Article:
DETECTIVES investigating the Grenfell Tower fire have carried out three interviews under caution over allegations of manslaughter.
The Met Police said the inquiry into the blaze had moved into a new phase and further interviews will take place in the weeks and months ahead.
Possible charges being considered include gross negligence manslaughter, corporate manslaughter and breaches of the Health and Safety Act, said a Scotland Yard spokesman.
Seventy-two people were killed in the fire in June last year, with questions raised over flammable cladding used on the building and failures in fire safety arrangements.
Yvette Williams, of campaign group Justice4Grenfell, welcomed the development but said it was ‘unfortunate it’s taken months after it happened’.
‘But we do look forward to the police doing a thorough investigation and that they are already thinking ahead in terms of gross manslaughter charges can only be a positive thing,’ she added.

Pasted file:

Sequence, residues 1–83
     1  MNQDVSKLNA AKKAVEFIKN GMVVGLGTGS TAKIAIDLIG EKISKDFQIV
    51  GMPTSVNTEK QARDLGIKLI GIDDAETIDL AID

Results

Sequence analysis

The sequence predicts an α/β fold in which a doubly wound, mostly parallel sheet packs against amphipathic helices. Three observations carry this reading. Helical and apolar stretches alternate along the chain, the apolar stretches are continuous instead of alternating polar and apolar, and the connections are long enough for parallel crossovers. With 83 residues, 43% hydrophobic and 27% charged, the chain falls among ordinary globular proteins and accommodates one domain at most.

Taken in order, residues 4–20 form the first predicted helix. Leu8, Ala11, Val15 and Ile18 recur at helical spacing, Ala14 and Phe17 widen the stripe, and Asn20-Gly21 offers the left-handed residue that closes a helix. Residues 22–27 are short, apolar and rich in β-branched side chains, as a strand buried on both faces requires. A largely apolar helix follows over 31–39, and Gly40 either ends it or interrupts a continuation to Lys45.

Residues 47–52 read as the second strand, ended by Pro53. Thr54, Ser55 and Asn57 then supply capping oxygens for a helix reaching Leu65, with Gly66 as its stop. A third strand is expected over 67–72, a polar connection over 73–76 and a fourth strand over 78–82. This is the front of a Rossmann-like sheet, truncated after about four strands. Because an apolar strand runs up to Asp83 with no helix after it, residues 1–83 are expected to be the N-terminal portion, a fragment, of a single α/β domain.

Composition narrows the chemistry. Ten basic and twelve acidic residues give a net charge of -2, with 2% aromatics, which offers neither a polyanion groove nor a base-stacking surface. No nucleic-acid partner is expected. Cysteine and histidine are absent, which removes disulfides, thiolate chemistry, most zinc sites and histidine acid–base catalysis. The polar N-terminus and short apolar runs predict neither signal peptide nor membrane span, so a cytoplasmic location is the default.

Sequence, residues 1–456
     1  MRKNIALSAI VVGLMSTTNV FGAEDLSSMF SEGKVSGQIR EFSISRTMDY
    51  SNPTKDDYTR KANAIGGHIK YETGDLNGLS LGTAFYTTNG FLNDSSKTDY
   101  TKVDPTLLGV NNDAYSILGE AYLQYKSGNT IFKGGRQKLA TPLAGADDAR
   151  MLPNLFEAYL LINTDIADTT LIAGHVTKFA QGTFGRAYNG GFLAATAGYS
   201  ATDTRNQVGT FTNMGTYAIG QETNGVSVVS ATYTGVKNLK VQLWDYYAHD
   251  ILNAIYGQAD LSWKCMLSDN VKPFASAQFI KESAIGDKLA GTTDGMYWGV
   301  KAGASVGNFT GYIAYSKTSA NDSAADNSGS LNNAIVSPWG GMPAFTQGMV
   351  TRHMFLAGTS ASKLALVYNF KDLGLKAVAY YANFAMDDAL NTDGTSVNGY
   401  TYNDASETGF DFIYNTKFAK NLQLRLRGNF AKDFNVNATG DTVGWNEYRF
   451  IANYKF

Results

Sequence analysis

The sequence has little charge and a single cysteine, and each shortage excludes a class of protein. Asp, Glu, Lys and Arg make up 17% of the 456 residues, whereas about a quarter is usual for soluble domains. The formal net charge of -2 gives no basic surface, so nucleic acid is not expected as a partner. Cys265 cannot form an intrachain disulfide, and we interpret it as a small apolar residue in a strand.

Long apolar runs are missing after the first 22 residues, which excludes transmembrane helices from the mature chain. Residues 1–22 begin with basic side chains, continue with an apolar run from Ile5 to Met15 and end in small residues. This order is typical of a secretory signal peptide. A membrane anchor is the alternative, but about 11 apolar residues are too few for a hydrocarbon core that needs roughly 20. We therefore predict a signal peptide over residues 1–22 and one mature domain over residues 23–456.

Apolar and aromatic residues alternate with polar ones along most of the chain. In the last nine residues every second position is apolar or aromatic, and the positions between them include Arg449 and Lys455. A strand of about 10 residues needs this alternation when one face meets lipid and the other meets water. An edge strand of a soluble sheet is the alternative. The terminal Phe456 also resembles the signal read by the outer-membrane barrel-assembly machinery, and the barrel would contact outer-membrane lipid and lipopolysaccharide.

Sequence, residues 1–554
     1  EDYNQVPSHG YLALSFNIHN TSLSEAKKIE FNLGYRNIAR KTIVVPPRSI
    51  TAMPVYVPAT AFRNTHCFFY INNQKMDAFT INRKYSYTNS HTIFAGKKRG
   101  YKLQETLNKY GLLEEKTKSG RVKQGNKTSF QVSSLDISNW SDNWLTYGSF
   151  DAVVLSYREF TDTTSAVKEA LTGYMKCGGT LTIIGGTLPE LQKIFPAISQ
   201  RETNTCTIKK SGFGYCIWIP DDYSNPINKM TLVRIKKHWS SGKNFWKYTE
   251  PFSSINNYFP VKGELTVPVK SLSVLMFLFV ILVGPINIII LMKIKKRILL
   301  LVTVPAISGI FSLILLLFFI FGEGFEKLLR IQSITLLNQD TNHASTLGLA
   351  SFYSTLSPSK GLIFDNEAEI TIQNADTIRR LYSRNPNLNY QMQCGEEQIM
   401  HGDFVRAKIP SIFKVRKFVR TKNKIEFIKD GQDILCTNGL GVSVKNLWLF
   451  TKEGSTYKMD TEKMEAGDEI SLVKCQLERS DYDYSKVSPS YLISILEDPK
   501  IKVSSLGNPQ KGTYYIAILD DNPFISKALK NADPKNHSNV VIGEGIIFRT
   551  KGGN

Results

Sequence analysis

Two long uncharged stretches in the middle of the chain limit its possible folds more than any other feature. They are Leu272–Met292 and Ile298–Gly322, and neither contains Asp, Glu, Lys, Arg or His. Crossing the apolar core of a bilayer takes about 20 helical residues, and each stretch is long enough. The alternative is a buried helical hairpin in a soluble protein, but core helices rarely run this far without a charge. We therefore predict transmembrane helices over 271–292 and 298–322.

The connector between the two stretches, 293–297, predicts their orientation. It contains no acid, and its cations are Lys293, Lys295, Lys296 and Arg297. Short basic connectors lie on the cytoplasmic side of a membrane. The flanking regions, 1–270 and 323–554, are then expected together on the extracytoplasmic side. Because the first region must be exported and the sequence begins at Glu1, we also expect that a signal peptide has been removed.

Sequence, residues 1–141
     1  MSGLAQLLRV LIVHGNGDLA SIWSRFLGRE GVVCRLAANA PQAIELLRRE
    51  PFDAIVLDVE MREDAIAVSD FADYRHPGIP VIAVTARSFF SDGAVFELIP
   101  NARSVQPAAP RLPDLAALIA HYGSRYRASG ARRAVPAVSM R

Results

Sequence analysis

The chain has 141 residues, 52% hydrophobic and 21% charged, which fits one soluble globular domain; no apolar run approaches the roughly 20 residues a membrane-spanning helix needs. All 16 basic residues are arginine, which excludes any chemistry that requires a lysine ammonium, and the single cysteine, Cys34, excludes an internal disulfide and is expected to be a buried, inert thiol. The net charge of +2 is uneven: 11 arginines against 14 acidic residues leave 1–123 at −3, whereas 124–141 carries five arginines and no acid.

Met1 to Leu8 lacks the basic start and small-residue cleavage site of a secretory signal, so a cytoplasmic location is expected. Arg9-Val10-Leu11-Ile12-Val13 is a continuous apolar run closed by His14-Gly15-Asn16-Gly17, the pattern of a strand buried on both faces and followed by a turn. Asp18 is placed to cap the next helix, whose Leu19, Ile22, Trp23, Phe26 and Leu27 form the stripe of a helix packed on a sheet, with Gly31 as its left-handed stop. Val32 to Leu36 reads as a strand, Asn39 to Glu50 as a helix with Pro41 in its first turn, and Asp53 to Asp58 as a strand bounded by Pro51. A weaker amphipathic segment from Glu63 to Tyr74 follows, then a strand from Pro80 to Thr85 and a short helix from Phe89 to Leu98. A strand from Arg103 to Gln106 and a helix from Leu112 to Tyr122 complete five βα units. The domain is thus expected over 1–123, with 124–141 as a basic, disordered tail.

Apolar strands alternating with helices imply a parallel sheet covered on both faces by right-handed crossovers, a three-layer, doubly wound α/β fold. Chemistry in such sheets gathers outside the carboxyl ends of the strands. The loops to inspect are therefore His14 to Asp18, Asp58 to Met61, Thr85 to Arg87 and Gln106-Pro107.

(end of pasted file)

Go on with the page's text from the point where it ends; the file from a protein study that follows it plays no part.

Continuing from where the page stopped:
Officers have scoured the tower for forensic evidence since the blaze, and Cmdr Stuart Cundy, of the Met Police, said the force planned to hand back control of the building to Kensington and Chelsea Council early next month.
■ A 999 phone operator felt ‘completely helpless’ as she heard a trapped girl take her final breaths. Sarah Russell stayed on the line for an hour when Jessica Urbano Ramirez, 12, called to say she could not escape, the Grenfell inquiry heard. ‘I felt I needed to stay with her, even if only to offer support,’ she said. ‘When people are pleading, and I cannot physically help; it is very hard.’ Jessica lived on the 20th floor but had taken refuge on a higher storey of the tower.